The goal in this project is to provide a simple Unix-like terminal on iOS. It uses ios_system for command interpretation, and includes all commands from the ios_system ecosystem (nslookup, whois, python3, lua, pdflatex, lualatex...)
The project uses iPadOS 13 ability to create and manage multiple windows. Each window has its own context, appearance, command history and current directory.
newWindow opens a new window,
exit closes the current window.
For help, type
help in the command line.
help -l lists all the available commands.
help -l | grep command will tell you if your favorite command is already installed.
You can change the appearance of a-Shell using
config. It lets you change the font, the font size, the background color, the text color and the cursor color. Each window can have its own appearance.
config -p will make the settings for the current window permanent, that is used for all future windows.
When opening a new window, a-Shell executes the file
.profile if it exists. You can use this mechanism to customize further, e.g. have custom environment variables or cleanup temporary files.
a-Shell is now available on the AppStore.
If you want to compile the project yourself, you will need the following steps:
git submodule update --init --recursive
xcfs/.build/artefacts/xcfs, with checksum control) and the Python frameworks and modules (in
sudo xcode-select --install
sh ./downloadAndCompile.sh(this step takes more than 30 mn on a 2GHz i5 MBP, YMMV).
a-Shell now runs on the devices and on the simulator, as you wish.
Because Python 3.9 uses functions that are only available on the iOS 14 SDK, I've set the mimimum iOS version to 14.0. It also reduces the size of the binaries, so
ios_system and the other frameworks have the same settings. If you need to run it on an iOS 13 device, you'll have to recompile most frameworks.
In iOS, you cannot write in the
~ directory, only in
~/tmp. Most Unix programs assume the configuration files are in
So a-Shell changes several environment variables so that they point to
env to see them.
Most configuration files (Python packages, TeX files, Clang SDK...) are in
a-Shell uses iOS 13 ability to access directories in other Apps sandbox. Type
pickFolder to access a directory inside another App. Once you have selected a directory, you can do pretty much anything you want here, so be careful.
All the directories you access with
pickFolder are bookmarked, so you can return to them later without
pickFolder. You can also bookmark the current directory with
showmarks will list all the existing bookmarks,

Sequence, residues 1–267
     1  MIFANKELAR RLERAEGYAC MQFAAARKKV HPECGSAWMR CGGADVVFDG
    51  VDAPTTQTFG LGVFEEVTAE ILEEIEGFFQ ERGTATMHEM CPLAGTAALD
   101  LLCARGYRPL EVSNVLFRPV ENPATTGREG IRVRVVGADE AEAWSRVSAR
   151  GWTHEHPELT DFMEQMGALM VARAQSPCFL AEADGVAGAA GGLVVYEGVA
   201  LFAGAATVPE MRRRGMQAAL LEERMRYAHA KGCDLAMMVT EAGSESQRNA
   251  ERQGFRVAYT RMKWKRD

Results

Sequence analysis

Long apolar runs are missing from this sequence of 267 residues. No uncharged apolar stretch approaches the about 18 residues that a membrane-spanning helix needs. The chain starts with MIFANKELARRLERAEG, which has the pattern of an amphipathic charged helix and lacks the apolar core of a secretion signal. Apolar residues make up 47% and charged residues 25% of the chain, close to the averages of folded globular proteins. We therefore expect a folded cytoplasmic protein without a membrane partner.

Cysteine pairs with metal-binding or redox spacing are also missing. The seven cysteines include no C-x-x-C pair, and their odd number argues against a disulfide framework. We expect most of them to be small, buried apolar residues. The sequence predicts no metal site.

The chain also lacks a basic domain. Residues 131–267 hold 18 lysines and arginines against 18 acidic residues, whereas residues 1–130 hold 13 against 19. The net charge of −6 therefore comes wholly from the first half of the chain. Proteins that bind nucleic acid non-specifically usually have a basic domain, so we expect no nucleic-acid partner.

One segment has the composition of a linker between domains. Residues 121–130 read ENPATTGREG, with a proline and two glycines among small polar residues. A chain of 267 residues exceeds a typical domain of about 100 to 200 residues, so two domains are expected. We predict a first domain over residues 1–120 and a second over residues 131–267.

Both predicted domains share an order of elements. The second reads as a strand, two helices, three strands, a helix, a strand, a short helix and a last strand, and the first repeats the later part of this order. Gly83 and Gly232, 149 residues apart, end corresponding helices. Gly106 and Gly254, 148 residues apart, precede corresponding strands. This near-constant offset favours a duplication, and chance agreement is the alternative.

jump mark will change the current directory to this specific bookmark,
renamemark will let you change the name of a specific bookmark and
deletemark will delete a bookmark.
A user-configurable option in Settings lets you use the commands
d instead or as well.
If you are lost,
cd will always bring you back to
cd - will change to the previous directory.
a-Shell is compatible with Apple Shortcuts, giving users full control of the Shell. You can write complex Shortcuts to download, process and release files using a-Shell commands. There are three shortcuts:
Execute Command, which takes a list of commands and executes them in order. The input can also be a file or a text node, in which case the commands inside the node are executed.
Get Fileare used to transfer files to and from a-Shell.
Shortcuts can be executed either "In Extension" or "In App". "In Extension" means the shortcut runs in a lightweight version of the App, without no graphical user interface. It is good for light commands that do not require configuration files or system libraries (mkdir, nslookup, whois, touch, cat, echo...). "In App" opens the main application to execute the shortcut. It has access to all the commands, but will take longer. Once a shortcut has opened the App, you can return to the Shortcuts app by calling the command
open shortcuts://. The default behaviour is to try to run the commands "in Extension" as much as possible, based on the content of the commands. You can force a specific shortcut to run "in App" or "in Extension", with the warning that it won't always work.
Both kind of shortcuts run by default in the same specific directory,
$SHORTCUTS. Of course, since you can run the commands
jump in a shortcut, you can pretty much go anywhere.
a-Shell has several programming languages installed: Python, Lua, JS, C, C++ and TeX.
For C and C++, you compile your programs with
clang program.c and it produces a webAssembly file. You can then execute it with
wasm a.out. You can also link multiple object files together, make a static library with
ar, etc. Once you are satisfied with your program, if you move it to a directory in the
~/Documents/bin) and rename it
program.wasm, it will be executed if you type
program on the command line.
You can also cross-compile programs on your main computer using our specific WASI-sdk, and transfer the WebAssembly file to your iPad or iPhone.
Precompiled WebAssembly commands specific for a-Shell are available here: https://github.com/holzschu/a-Shell-commands These include
ffmpeg... You install them on your iPad by downloading them and placing them in the
We have the limitations of WebAssembly: no sockets, no forks, no interactive user input (piping input from other commands with
command | wasm program.wasm works fine).
For Python, you can install more packages with
pip install packagename, but only if they are pure Python. The C compiler is not yet able to produce dynamic libraries that could be used by Python.
TeX files are not installed by default. Type any TeX command and the system will prompt you to download them. Same with LuaTeX files.
If you enable VoiceOver in Settings, a-Shell will work with VoiceOver: reading commands as you type them, reading the result, letting you read the screen with your finger...